It wasn't until this year that I really started to appreciate that sentiment at all. I have not adopted a Zen lifestyle replete with happy breathing and constant smiling, rather I have come to a realization that the transit itself in fact shapes the destination. Consciously I knew this- as an anthropologist who trusts that identity is created by a person's socio-cultural environment, I knew this well. As far as my life was concerned, I could in fact point out that my identity involves religion because I was raised with it. I could pick apart all sorts of environmental factors that shaped my being. However, on a smaller day to day basis, I was wondering how I could be so miserable taking classes all the time in order to achieve a degree- if that was half the fun, then I wasn't sure that I wanted the other half at all. So I did something, that in my world, was quite revolutionary: I slowed down. I halved my course load, let go of some organizational commitments, and decided to focus my energies on rest. I let myself sleep, I started reading books for fun, I spent time in the city visiting pleasing places, I devoted time to my friends who had supported me through so much, I started trying to find (or obsessively search) for a feeling of faith that had been long gone. Slowly, I noticed that a change in my mood. It was no longer "Head down, chin up." It was "Chin down, head up." By enjoying the creation and blessings bestowed upon me in the form of rest, companionship, and Boston, I was bowing my head in thanks to that which provided it. At the same time, I was keeping my head up, taking in my surroundings, enjoying time and life as it swarmed around me, rather than having tunnel vision on endless schoolwork. To re-quote Dean Hill quoting someone else, "It is a sin not to take what is given." In my case, I hadn't even realized there was a gift right there in front of me. What a wonderful gift to speed through blindly. So I'm learning my lesson, to quit looking forward only- forward is always a step away, and if that is all we focus on, the now is never enough, and that's what we have the most of: now's.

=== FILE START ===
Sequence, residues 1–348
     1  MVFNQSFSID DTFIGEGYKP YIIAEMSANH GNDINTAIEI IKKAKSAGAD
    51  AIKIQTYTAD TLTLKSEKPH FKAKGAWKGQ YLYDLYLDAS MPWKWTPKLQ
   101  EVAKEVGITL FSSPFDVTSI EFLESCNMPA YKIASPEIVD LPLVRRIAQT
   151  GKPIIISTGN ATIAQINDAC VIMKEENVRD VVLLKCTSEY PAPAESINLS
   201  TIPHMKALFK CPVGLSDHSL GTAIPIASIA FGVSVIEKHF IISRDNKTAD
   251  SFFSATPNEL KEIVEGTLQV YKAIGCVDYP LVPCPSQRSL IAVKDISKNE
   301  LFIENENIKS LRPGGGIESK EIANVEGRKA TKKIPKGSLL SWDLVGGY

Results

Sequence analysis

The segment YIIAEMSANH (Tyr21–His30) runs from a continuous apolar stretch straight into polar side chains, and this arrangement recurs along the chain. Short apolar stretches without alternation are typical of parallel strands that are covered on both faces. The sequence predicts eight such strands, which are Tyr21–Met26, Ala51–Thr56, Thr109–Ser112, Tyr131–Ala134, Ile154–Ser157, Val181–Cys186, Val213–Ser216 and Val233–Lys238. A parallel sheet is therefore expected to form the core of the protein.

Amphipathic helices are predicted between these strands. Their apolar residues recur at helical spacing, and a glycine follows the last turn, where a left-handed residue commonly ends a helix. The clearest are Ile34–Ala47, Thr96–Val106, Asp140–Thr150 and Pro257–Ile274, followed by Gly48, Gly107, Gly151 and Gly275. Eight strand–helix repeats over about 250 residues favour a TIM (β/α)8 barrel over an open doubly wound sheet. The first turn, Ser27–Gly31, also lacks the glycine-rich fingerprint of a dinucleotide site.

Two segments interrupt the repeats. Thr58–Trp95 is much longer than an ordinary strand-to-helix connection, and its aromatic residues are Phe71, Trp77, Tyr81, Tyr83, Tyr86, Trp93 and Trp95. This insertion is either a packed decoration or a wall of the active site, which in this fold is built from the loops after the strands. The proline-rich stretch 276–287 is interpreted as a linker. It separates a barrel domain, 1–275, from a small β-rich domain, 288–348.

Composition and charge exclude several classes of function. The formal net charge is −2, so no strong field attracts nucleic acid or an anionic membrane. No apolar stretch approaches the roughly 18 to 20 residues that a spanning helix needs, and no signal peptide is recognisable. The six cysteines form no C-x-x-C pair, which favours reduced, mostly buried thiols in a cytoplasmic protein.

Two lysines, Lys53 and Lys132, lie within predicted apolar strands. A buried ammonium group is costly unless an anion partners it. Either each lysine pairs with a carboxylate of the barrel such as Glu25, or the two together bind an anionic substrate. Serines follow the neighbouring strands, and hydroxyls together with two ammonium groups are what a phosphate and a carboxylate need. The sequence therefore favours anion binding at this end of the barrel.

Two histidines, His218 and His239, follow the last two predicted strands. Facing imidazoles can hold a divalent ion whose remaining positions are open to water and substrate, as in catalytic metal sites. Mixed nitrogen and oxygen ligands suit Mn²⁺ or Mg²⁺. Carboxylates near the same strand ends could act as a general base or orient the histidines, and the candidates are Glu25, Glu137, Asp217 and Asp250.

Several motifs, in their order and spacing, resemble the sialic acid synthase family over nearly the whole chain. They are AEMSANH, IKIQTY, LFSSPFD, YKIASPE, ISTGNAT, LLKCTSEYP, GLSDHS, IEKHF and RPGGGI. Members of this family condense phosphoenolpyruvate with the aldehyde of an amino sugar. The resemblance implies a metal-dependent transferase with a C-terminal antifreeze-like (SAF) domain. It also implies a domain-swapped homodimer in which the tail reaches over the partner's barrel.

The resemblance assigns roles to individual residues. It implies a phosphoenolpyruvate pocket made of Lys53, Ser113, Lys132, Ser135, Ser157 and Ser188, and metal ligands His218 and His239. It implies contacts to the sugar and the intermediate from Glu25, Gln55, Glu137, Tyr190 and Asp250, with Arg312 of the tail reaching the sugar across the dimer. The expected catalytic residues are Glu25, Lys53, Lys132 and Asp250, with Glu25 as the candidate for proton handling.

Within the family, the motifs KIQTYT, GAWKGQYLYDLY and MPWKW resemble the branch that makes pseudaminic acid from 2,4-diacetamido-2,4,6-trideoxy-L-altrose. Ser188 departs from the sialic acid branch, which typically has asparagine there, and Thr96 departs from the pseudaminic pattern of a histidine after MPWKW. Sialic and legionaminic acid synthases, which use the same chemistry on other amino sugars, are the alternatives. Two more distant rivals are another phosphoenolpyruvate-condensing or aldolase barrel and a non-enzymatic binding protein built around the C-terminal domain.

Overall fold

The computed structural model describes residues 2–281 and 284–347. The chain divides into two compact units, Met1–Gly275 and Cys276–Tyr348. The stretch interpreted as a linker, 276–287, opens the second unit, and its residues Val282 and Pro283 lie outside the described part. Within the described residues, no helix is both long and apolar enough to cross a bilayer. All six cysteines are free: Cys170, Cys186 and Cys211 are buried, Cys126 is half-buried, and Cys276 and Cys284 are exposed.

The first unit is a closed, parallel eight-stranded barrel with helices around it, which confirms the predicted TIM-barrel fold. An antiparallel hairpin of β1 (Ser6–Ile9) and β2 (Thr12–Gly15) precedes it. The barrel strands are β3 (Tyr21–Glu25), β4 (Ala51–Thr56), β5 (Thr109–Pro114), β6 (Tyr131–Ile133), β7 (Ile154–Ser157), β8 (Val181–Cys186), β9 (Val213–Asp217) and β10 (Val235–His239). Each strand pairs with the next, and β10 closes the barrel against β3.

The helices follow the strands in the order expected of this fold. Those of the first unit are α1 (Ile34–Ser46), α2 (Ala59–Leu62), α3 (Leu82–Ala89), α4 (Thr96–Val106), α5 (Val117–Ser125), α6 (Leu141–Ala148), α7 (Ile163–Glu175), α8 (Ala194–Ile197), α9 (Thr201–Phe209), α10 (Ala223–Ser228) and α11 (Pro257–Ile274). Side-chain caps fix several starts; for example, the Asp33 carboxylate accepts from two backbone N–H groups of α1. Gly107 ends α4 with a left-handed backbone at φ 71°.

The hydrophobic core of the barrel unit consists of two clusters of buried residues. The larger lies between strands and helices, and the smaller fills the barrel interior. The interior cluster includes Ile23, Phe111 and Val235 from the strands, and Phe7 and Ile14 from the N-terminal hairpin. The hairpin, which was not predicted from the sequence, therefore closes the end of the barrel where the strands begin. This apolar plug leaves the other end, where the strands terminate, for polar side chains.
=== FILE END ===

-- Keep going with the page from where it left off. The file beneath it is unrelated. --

Tuesday, May 17, 2011
I remember a semester in high school in which two of my classes, scheduled back to back, were at opposite ends of the school. With only a few minutes between bells- I learned to move quickly. I've always moved pretty quickly, stayed busy, and talked at lightning speed. I lived by the mantra, "Head down, chin up." For me this meant keep my head in my work, and my chin up smiling at the world. These days, however, I'm finding myself moving more slowly- in a very good way. When I was younger, I was never able to enjoy walks, hikes, or trips, as I focused only on the destination. I was perplexed by the idea of 'getting there is half the fun.' In my mind, being in transit was a means to an end, and that saying was hackneyed and without meaning.